Welcome

A Bookaholic, Pro-life, Pro-Family, Pro-Oxford Comma, Catholic (with Asperger's) who reads and writes as her obsession. I've been reading over 400 books a year lately. These are my ramblings on some of the books I read. To read about all the books I read and comment on, visit me at LibraryThing or Goodreads.

I've been blogging since 2007 and at this point (July 2015) am trying my hand at turning the theme of this blog towards mystery, thriller, and crime, fiction and nonfiction. I have some special interest topics and categories within this broad genre which include (but are not limited to) serial killers, scandi-crime, Victorian history and historicals, history of the criminally insane and asylums, psychopathology, death, funerary practices and burial, corpses, true crime and anything dealing with the real life macabre, or that portrayed in fiction.

I also read a short story a day from various collections, sometimes anthologies othertimes collections of a single author's work. These reviews are also posted here and while they are of mixed genre the mystery, thriller, horror, gothic and macabre often appear within their pages as well.


I also blog about
graphic novels and manga on a separate BLOG.

Monday, March 10, 2014

Three Cam Jansen Mystery Stories: The Girl with a Photographic Memory by David A. Adler

102. Cam Jansen and the Mystery of the Stolen Diamonds by David A. Adler. Illustrated by Susanna Natti (buy)
Cam Jansen, #1

Rating: (4/5)

1980; Puffin Books, 58 pgs

Ages: (7+)

"Fifth-grade sleuth Cam Jansen uses her photographic memory to catch a jewel thief."

Bookmooched a copy.

I first met Cam Jansen a few years back when my son read a couple aloud to me as his reader, so I picked up a few more for him.  I was impressed with the quality of the mystery for this level of reading.  Starting here with the first book in the series, I'm again impressed with this mystery series for first chapter book readers.  Cam (aka Jennifer) and Eric are two interesting and curious children with a lot of smarts.  Cam's photographic memory is an unusual device and makes for a fun element to these mysteries.  The children do some daring things but ultimately are clever and responsible enough not to go too far.  They may wait before calling the police but call the police they always do in the end.  This mystery is quite clever and will have would-be sleuths scratching their heads trying to figure out who the robber is and how he managed to escape.  This is the type of book I would have read as a child.  Well-done sketches accompany the text making for a pleasant reading experience.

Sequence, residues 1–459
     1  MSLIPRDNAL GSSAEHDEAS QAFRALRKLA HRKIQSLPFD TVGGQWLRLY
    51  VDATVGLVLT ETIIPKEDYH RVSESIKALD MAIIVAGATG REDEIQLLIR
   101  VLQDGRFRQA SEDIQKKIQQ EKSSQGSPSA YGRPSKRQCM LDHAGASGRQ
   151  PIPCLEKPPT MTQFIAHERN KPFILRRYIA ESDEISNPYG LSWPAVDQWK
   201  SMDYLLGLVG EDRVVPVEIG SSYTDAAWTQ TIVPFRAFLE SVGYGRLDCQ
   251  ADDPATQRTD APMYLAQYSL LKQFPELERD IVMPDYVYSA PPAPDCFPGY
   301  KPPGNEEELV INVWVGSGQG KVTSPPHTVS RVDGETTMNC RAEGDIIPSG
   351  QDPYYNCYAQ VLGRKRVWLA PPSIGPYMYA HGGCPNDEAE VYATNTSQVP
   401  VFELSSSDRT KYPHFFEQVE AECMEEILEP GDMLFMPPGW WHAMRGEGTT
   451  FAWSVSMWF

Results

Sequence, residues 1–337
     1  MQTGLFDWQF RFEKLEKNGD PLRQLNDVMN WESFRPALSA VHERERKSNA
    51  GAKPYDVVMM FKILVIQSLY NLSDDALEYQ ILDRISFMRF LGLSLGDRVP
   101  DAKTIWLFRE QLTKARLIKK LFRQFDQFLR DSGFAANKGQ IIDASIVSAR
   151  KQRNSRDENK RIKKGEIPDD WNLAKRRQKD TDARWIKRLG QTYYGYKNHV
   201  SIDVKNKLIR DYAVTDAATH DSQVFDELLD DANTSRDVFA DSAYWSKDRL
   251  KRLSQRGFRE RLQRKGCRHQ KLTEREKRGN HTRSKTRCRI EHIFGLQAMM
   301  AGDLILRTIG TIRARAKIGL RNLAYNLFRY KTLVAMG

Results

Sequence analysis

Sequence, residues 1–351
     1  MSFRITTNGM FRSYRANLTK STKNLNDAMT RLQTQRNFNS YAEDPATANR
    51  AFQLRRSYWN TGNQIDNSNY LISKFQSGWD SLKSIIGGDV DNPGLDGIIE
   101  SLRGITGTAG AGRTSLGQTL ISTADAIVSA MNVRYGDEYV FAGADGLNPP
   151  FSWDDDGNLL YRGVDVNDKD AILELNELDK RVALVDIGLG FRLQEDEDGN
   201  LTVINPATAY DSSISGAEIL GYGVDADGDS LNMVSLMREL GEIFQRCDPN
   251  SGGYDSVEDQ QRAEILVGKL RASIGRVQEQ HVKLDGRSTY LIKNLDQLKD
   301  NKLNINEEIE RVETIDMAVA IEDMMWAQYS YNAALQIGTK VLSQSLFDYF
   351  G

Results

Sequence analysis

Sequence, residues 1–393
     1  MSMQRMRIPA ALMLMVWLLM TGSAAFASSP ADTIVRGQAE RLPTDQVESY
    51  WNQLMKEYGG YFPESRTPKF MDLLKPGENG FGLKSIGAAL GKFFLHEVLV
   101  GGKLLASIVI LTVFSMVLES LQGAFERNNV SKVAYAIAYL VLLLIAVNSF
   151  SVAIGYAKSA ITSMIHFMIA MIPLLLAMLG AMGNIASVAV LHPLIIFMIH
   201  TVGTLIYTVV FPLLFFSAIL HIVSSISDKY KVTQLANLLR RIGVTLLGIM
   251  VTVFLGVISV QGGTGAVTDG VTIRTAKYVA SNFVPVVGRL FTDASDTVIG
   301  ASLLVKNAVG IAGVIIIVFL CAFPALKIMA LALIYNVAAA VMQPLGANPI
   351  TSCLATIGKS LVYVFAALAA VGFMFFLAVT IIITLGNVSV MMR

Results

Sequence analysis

*****


108.  Cam Jansen and the Mystery of Flight 54 by David A. Adler. Illustrated by Susanna Natti (buy)
Cam Jansen (12)

Rating: (4/5)

1989, Puffin Books, 64 pgs

Ages: (7+)

"When Cam the fifth-grade sleuth and her friend Eric go to the airport to meet Cam's aunt, just arrived from France, it's all systems go. But before you can say "bonjour," a young French girl has disappeared. Will Cam be able to find her?"

Bookmooched a copy.

I can't say enough, how impressed I am with this series from the books I've read so far.  The writing is good, the illustrations artistic and the mysteries are varied from real crimes such as robbery to family  mysteries such as missing items.  Adler does well at writing a mystery for this young age which takes some thinking to solve, may surprise readers with the ending, and yet leaves clues behind with the possibility of solving it.  Cam's photographic memory which we are told is scientifically called "eidetic" is a unique quality for a mystery sleuth.  Another one well-read.


*****


110.  Cam Jansen and the Mystery at the Haunted House by David A. Adler. Illustrated by Susanna Natti (buy)
Cam Jansen (13)

Rating: (4/5)

1992, Puffin Books, 58 pgs

Ages: (7+)

"Cam and her friend Eric are visiting an amusement park with her aunt and uncle, when Aunt Katie's wallet is stolen. Does Cam, with her amazing photographic memory, have a ghost of a chance of finding the thief?"

Bookmooched a copy.

It is now twelve years after the publication of the first book in the series and the children are all the same ages so that gives you the feel for these books.  Let your child read as many as possible when they love them as once they outgrown them, the books will  not grow with them.  Once again another excellent mystery for the youngest reading mystery fans.  In this book Cam's Aunt and Uncle take the children to an amusement park where one of the rides they go on is the titular Haunted House; there is no Hallowe'en tie-in though.  Lovable characters, while Cam is the star she shares page space with her buddy, Eric and the two make one of children's lit's great mystery sleuths.  This time the duo confronts a real crime when Aunt Katie's wallet is stolen.  I like how the author takes only two short paragraphs in the first chapter to sum up who these two kids are what their background in mystery-solving is, letting a new reader jump into the series at any point.  This one is a very-well written plot, using the device of a red herring to completely blindside us through a detailed investigation that turns into shock with the capture of the real villain at the end.  I wonder if Adler ever wrote grown-up mysteries?  He is good at the craft.  I highly recommend this series.  Now this is the last book I have in the house and (not having little ones anymore) I will not be rushing out to read any more than the six I've all ready read but if one crosses my hands, you can be sure I'd read it before letting go!

No comments:

Post a Comment